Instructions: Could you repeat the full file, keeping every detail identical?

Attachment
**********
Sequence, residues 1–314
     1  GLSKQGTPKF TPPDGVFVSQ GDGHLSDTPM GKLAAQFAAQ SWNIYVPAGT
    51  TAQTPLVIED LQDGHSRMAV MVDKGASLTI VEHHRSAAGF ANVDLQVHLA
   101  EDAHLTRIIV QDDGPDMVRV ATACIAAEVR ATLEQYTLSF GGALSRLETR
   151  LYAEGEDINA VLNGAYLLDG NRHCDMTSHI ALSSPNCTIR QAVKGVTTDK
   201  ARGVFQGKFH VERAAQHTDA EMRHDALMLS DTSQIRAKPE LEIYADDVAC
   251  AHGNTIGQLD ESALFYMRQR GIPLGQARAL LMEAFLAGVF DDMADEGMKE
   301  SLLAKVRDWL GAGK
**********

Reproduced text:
Sequence, residues 1–314
     1  GLSKQGTPKF TPPDGVFVSQ GDGHLSDTPM GKLAAQFAAQ SWNIYVPAGT
    51  TAQTPLVIED LQDGHSRMAV MVDKGASLTI VEHHRSAAGF ANVDLQVHLA
   101  EDAHLTRIIV QDDGPDMVRV ATACIAAEVR ATLEQYTLSF GGALSRLETR
   151  LYAEGEDINA VLNGAYLLDG NRHCDMTSHI ALSSPNCTIR QAVKGVTTDK
   201  ARGVFQGKFH VERAAQHTDA EMRHDALMLS DTSQIRAKPE LEIYADDVAC
   251  AHGNTIGQLD ESALFYMRQR GIPLGQARAL LMEAFLAGVF DDMADEGMKE
   301  SLLAKVRDWL GAGK